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The Nun

nun

A young nun kills herself in a remote Romanian castle. The Vatican sends a troubled priest and a young nun who has yet to take her final vows to investigate. Their search leads them down a dark path. The pair realize an ancient evil is trying to escape and it is up to them to stop it.

This latest installment in The Conjuring universe is written by Gary Dauberman (Annabelle: Creation) and directed by Corin Hardy (The Hallow).  The film has a very dark and ominous tone. It creates a great gothic atmosphere that lends itself to the ancient Romanian castle. The plot is, for the most part, very simple. The ancient castle holds an evil that the nuns have been able to hold off over the years, but now it threatens to escape. That entity is the character Conjuring fans will remember as Valak. The film has some pretty frightening moments and Valak is not someone you would want to run into in an ancient Romanian castle.

Sadly, there are many flaws in this film as well. One that many fans will likely notice is how little Valak is actually in the film. There are many faceless nuns haunting the halls, but it isn’t really until the climax of the film that Valak becomes a prominent figure. The film also seems to lack any true direction. Other than trying to find out why the nun killed herself and stopping the evil entity, there are only a couple half-realized plot points. The story touches on the priest’s tragic past performing an exorcism, but then only uses that as a mechanism to include more scares in the film. The young nun accompanying him had visions when she was young, yet those visions don’t have much relevancy to the plot. What’s even more disappointing is how the filmmakers connected The Nun to The Conjuring films. Without giving anything away, there was a simple and more obvious way to connect the characters and the films. Yet, for some reason the filmmakers went for a route that was more forced and felt out of place with the rest of the film. There are also aspects of the climax that seem to be derivative of Demon Knight. Again, since I don’t want to reveal any spoilers, I won’t get into specifics, but those who have seen Demon Knight will see what I mean.

While the characters may not be fully fleshed out, the performances are still quite good. Taissa Farmiga (The Final Girls, Anna) stars as Sister Irene. Sister Irene is a different kind of nun than audiences are used to seeing. She asks questions, yet she is very devout in her faith. Her visions seem to be an important part of who she is as a person and why she chose to become a nun, yet they are really only mentioned in passing. Luckily, Farmiga acts beyond what she was given in the script to still allow audiences to connect to the character. Demián Bichir (The Hateful Eight, Savages) also gives a compelling performance as Father Burke. Similar to Sister Irene’s story, Father Burke discusses how he lost an innocent during an exorcism. This seems like it is a large part of his character, yet this part of his past ends up just being used as a way to scare audiences. Bichir does what he can, making me wish I could know more about his character. Then there is Jonas Bloquet (Elle, Valerian and the City of a Thousand Planets) as Frenchie. He is clearly meant to be comedic relief throughout the film, and Bloquet definitely is funny, yet the humor does not fit with the overall tone of the film. Frenchie is an entertaining character, but he feels pigeonholed into the film. A great cast is clearly underutilized, yet they did as much as they could with the material they were given.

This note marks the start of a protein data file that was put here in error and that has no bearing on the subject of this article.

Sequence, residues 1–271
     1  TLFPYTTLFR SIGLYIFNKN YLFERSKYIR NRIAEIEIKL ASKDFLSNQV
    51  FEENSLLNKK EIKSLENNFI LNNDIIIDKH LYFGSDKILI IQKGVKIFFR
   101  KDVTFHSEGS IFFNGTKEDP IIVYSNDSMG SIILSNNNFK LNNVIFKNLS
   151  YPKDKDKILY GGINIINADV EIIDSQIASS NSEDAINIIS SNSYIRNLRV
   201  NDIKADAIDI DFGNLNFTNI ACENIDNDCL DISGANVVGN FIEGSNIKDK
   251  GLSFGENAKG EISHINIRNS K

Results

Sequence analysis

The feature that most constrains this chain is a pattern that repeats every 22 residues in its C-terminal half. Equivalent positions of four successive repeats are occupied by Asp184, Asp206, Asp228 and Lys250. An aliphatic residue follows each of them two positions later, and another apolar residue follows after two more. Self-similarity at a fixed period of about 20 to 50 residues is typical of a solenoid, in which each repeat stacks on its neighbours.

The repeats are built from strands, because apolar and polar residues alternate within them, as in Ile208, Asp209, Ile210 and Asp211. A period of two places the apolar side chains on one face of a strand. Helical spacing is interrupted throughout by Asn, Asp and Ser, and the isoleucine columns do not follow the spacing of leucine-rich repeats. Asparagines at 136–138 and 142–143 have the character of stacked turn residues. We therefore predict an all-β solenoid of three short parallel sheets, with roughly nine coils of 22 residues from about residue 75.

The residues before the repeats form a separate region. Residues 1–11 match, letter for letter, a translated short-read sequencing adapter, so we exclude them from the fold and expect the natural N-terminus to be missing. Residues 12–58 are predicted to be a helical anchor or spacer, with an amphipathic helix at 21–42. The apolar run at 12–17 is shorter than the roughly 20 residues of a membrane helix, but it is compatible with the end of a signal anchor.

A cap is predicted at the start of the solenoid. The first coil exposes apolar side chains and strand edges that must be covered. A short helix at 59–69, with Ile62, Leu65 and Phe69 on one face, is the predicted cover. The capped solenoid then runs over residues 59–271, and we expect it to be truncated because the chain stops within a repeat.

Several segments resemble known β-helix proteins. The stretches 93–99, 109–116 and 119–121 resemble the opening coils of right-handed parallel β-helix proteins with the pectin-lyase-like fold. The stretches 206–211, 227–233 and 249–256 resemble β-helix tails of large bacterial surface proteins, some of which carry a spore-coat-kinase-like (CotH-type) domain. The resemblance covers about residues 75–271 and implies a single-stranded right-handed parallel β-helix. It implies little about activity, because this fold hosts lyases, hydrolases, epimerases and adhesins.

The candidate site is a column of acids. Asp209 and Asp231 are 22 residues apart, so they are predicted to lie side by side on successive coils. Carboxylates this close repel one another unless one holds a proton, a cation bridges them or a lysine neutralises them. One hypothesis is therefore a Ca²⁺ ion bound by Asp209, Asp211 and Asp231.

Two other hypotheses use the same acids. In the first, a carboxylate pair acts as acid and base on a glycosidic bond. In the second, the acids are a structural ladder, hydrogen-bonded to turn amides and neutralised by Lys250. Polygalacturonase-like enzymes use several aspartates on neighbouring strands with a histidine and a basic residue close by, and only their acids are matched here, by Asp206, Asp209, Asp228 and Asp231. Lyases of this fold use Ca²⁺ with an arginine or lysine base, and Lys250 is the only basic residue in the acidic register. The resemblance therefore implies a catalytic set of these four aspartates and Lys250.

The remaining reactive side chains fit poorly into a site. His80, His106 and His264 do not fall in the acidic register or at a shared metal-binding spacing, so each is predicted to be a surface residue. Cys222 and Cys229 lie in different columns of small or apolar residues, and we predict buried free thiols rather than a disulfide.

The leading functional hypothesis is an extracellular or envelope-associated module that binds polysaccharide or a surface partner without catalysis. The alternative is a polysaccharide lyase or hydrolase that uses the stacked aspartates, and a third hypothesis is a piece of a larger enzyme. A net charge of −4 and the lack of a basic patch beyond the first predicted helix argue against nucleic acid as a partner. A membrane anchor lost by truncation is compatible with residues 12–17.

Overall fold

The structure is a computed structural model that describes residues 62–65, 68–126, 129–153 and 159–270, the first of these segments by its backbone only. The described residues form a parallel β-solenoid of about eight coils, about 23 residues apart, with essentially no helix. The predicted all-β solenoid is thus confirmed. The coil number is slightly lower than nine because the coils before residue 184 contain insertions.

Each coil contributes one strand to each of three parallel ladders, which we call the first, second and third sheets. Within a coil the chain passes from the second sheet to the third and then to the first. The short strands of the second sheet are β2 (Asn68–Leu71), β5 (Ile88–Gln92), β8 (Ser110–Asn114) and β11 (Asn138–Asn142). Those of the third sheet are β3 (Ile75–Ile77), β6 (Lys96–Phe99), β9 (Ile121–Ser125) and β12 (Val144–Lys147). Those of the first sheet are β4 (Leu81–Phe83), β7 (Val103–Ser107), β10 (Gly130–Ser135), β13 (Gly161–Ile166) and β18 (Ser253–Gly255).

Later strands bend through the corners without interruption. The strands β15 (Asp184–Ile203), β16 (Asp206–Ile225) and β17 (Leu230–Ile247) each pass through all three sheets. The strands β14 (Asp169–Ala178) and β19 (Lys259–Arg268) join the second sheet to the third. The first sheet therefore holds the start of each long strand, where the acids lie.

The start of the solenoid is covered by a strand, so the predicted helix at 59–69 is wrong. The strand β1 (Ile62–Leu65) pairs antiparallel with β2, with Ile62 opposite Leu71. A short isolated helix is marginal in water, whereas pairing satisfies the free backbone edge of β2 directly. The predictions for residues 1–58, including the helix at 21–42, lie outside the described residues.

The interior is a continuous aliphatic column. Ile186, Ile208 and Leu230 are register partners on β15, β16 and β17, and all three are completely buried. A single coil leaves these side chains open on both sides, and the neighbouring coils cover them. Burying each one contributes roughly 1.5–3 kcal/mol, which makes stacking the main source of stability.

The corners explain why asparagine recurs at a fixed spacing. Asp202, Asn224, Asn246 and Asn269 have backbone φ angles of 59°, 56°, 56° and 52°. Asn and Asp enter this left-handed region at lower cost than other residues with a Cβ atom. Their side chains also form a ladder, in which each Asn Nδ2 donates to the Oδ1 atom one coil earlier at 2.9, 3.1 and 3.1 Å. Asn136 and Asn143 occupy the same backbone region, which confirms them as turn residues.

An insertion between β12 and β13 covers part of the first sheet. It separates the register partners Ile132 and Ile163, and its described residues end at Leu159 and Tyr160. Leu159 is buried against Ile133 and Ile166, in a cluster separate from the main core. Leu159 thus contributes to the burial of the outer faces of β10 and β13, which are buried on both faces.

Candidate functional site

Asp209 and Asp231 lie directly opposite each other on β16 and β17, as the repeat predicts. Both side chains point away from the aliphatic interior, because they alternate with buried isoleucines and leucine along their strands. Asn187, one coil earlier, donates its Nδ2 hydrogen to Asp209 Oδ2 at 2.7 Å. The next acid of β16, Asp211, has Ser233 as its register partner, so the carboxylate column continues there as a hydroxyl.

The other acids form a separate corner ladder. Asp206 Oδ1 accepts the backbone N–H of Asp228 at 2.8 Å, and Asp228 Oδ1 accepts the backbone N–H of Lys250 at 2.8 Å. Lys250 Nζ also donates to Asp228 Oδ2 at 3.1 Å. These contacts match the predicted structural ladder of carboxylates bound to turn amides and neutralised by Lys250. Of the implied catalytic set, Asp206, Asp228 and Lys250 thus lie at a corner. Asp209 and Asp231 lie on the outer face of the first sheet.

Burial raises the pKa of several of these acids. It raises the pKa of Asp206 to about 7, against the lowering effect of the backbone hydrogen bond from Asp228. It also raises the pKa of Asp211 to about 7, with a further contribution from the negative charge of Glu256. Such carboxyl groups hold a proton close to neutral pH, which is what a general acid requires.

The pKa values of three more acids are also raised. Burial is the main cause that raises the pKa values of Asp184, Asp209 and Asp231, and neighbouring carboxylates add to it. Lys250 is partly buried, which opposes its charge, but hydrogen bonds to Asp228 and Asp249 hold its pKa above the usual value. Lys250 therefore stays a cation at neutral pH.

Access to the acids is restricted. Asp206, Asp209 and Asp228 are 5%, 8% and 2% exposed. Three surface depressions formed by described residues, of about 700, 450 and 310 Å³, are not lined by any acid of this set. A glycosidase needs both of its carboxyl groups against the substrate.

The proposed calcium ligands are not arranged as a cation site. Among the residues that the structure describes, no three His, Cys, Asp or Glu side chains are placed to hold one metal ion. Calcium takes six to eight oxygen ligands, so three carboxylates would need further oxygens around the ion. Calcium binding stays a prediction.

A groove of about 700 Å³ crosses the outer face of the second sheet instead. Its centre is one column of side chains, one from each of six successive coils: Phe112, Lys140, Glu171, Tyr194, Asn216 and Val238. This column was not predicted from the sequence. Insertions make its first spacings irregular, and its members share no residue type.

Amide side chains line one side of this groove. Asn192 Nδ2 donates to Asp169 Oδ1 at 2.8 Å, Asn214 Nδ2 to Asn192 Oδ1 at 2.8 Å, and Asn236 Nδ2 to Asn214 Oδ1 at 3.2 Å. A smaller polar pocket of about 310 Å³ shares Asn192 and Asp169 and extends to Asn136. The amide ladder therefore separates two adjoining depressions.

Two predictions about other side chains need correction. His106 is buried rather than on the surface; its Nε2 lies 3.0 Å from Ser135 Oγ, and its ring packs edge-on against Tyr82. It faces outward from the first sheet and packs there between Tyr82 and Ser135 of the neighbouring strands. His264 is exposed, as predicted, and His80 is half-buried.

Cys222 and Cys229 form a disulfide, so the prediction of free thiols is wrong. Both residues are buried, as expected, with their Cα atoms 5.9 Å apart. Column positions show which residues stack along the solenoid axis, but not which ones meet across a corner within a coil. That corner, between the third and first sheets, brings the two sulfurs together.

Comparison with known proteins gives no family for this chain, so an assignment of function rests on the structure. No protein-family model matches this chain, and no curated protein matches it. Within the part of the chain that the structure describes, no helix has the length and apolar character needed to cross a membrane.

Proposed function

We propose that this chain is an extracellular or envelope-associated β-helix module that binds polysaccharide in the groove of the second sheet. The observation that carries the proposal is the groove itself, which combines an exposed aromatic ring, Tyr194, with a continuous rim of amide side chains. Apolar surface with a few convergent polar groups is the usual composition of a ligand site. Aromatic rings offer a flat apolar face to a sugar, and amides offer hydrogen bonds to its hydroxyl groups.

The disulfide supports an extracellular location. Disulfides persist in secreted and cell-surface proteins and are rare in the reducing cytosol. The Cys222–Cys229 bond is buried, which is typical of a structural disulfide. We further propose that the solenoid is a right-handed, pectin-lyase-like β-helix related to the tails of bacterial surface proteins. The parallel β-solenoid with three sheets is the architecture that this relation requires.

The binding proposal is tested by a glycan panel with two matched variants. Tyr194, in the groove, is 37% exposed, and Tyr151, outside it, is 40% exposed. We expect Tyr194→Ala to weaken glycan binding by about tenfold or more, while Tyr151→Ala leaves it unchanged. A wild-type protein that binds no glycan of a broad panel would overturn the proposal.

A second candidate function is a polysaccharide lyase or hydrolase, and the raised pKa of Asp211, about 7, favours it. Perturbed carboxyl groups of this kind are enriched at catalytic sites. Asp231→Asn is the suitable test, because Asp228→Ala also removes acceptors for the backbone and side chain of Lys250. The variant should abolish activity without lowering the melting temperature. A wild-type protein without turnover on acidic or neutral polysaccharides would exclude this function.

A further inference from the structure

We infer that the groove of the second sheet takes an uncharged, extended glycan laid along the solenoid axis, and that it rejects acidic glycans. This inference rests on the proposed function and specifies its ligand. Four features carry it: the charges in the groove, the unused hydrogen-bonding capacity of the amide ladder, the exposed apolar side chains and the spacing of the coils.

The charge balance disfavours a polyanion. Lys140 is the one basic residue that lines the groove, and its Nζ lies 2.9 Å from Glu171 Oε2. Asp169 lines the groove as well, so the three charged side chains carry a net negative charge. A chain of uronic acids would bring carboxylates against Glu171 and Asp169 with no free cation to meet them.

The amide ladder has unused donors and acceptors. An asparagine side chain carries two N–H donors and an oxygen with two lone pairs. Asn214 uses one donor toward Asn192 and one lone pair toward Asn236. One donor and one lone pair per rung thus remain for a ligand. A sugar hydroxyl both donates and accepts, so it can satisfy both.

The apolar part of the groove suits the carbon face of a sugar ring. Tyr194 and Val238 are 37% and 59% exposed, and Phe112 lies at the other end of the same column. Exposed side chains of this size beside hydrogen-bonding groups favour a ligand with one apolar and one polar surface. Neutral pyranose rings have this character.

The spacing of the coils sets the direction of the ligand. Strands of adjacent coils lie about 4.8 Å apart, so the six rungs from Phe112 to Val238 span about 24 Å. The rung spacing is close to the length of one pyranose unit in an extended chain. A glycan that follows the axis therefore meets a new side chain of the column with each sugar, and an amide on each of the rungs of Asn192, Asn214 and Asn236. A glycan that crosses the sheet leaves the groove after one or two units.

The highlight of The Nun is the visuals. The set design is by far the most impressive aspect. The castle and surrounding grounds are both beautiful and haunting, making the film sinister from start to finish. Even though the film takes place in the 1950’s, it has a very medieval feel which lends to the ancient demonic presence the priest and nun are fighting. The evil itself has a very iconic look as well. Valak has a very striking look that is terrifying without needing to really try. While fans will recognize Valak and that demon’s look, the film uses other nuns as well to add to the fear. These nuns are faceless. They are creepy and their style allows for Valak to stand out as the primary focus. There is a good mix of jump scares and more subtle, spine-tingling moments that balance out nicely throughout the film.